My last post for The Scriptors focused on the nature of first drafts and what it feels like nearing the end of a new book. At the time, I was well over the suggested word count in my publishing contract, but I was confident that I was nearing the end and would finish the draft within the week.

Boy, was I wrong.



I am a fairly strict planner when it comes to plotting a novel, and I outline my stories scene by scene, focusing heavily on plot points and leaving the character arcs a little less defined to give myself room to breathe. Throughout the writing process, I constantly refer back to that outline, making sure that I stick to the path I laid out at the beginning, restraining myself from straying too far from that original plan.

At a glance, my outlines are very straightforward and progress logically from beginning to end. Everything makes sense from a big picture standpoint, every little piece adding to the greater whole.

And yet, to my great annoyance, my outlines ultimately tend to fail.


At some point between the process of finalizing an outline and actually writing the novel, things start to come apart at the seams. It’s not obvious at first. For a while, things go according to plan—Character A meets Character B and they spark the catalyst that will eventually lead to the Big Event. But somewhere on the journey, little issues start to crop into the story, little inconsistencies that no longer match the outline, things that seem insignificant at first, things that I think I can easily fix in the next draft, but then suddenly I realize that my original idea for this or that scene—the one that seemed so obvious and linear and logical at first—no longer fits the story as it is. Something changed in the writing.

And the book that I thought would end up no longer than 90,000 words inches toward 100,000, then 110,000, and by the time I finally reach the end, the book is 127,000 words… a whopping 52,000 words over contract, despite all my best efforts to wrangle it into that nice, neat box I outlined all those months ago.


basically what i imagined my book looked like when i came to this realization.

Was it a result of bad planning? A failure of forethought? Because I failed to see this or that plot twist? Did I not plan the character arcs stringently enough? Did I not do enough research before writing?

Or was I just too confident in my own writing ability to recognize that I didn’t plan the book as well as I originally thought?

Whatever the reason, the story shaped itself into something new, something different than I had planned. Whether it is better or worse, I don’t know yet. It is what it is, despite all my efforts to stick to the outline and keep the word count under control, efforts that ultimately slowed me down and stagnated my writing.

The story evolved, but I wasn’t ready to admit that. I wasn’t ready to let the story take its own course, to come to its own conclusion instead of the one I planned. I was so concerned with keeping to that outline that I failed to let the story breathe, to let it take on a new shape as I wrote. Instead of recognizing the story veering off down a different path and following it willingly, I kept trying to yank it back onto the preplanned route I had so painstakingly crafted at the beginning of my journey, and the story suffered for it.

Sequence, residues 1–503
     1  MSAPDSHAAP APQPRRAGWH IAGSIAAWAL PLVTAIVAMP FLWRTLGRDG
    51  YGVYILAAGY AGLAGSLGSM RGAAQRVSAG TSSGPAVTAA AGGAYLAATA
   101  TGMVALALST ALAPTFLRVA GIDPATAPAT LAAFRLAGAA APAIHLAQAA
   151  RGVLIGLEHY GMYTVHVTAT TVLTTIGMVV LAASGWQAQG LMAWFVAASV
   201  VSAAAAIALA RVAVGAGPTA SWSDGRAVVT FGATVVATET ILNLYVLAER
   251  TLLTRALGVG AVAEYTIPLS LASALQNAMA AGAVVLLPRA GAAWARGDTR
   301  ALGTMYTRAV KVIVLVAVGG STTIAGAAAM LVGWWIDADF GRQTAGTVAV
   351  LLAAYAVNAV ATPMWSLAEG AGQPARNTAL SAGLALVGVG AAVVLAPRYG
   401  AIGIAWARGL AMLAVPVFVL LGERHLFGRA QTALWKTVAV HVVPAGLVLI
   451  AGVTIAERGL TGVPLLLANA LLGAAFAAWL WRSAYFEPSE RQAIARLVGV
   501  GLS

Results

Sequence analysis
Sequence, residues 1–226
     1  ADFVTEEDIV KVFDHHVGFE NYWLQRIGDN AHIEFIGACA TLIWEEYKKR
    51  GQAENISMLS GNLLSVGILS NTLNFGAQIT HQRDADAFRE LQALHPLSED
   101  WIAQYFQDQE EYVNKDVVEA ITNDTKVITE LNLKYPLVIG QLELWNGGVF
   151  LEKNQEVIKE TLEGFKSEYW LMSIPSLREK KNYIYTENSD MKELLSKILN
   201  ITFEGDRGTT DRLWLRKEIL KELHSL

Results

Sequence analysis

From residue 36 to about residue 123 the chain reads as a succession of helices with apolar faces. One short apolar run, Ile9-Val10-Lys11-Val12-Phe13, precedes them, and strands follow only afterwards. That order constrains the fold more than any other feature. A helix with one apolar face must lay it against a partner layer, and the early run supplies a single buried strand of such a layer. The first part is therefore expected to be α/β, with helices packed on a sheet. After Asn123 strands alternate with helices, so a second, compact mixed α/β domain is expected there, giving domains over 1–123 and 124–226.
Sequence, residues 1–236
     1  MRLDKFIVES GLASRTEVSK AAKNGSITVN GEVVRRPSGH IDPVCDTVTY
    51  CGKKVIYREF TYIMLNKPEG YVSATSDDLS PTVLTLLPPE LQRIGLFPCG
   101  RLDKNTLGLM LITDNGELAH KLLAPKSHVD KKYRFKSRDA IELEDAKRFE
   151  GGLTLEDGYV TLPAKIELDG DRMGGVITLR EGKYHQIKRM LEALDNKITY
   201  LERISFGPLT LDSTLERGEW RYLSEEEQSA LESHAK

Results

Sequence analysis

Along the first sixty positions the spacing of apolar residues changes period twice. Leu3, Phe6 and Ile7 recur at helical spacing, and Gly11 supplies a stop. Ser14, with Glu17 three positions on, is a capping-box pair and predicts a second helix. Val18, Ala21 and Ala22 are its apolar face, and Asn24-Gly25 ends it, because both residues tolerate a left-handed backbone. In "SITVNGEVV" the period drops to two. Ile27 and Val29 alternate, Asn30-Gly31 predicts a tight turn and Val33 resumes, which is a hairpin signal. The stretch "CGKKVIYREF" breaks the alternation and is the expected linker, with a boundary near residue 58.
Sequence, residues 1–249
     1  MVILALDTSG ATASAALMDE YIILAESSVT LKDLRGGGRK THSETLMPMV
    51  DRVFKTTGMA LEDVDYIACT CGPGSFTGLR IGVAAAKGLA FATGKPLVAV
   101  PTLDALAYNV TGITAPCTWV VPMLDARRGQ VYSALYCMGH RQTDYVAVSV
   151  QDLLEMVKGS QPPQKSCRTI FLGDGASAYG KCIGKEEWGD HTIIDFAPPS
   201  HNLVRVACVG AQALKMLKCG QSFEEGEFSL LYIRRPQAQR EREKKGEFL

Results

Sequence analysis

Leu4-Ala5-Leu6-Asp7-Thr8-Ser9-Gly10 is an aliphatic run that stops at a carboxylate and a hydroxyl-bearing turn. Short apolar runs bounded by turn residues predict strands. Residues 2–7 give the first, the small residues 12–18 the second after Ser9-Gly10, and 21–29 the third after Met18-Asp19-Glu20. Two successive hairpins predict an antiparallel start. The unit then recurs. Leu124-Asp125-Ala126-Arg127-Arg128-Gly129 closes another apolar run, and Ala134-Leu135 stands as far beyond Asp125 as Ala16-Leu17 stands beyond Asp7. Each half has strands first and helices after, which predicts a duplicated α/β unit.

I struggled with the novel day after day, unable to come to terms with the fact that it was no longer the same story I had planned, that it had mutated in the writing process into something else. Every scene felt wrong and imperfect, worse than just a raw, unedited first draft. I could see the short summary of the scene in the outline I had written, but the words that were coming out onto the page were unfamiliar and uncontrolled, steadily trying to break the rigid guidelines I kept trying to force on it.

Finally, after more than a month of this—a month of not meeting my daily word counts, of hating word after word, scene after scene—I gave up on trying to fit it into that box anymore. I let it free.

I stopped trying to limit my word count. I stopped trying to fit the story within the outline. I just wrote, word after word, scene after scene, and all the struggles that were keeping me from making progress suddenly vanished. The words flowed freely. The story streamed along without much effort. I wrote more than double my daily word count for the next two weeks and finished the book in exhaustion and relief.

I finished.


Yes, the ending makes no sense and the penultimate chapter will most certainly need to be rewritten, but at least now I have a finished book. I have 127,000 words I didn’t have before… 127,000 words that need a lot of work before I can even send the book to my editor, but words can be edited. Blank pages cannot.

And I’d rather have an imperfect draft than to continue languishing over every single sentence as I muddle forward bit by bit, not making much progress. Breaking free of my outline allowed me to finish my book, and even though I finished the novel a month behind schedule and 52,000 words over the contracted word count, I learned something about my process, and perhaps in the future, I’ll be better able to recognize when I need to adjust my outline and my drafting methods in order to reach the end without having to fight it so much.

But for now, I have a lot of work ahead of me, several drafts of edits and rewrites to go through before I’ll have something I can be proud to call mine, but at least now, the hardest part of the writing process is over and I can move on to the next and shape the book into something so much better than it was before.

The best writing is rewriting, after all.

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